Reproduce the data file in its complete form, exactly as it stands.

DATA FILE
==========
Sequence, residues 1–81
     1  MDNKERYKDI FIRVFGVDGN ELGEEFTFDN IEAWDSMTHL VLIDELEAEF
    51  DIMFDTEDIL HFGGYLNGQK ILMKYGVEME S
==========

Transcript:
Sequence, residues 1–81
     1  MDNKERYKDI FIRVFGVDGN ELGEEFTFDN IEAWDSMTHL VLIDELEAEF
    51  DIMFDTEDIL HFGGYLNGQK ILMKYGVEME S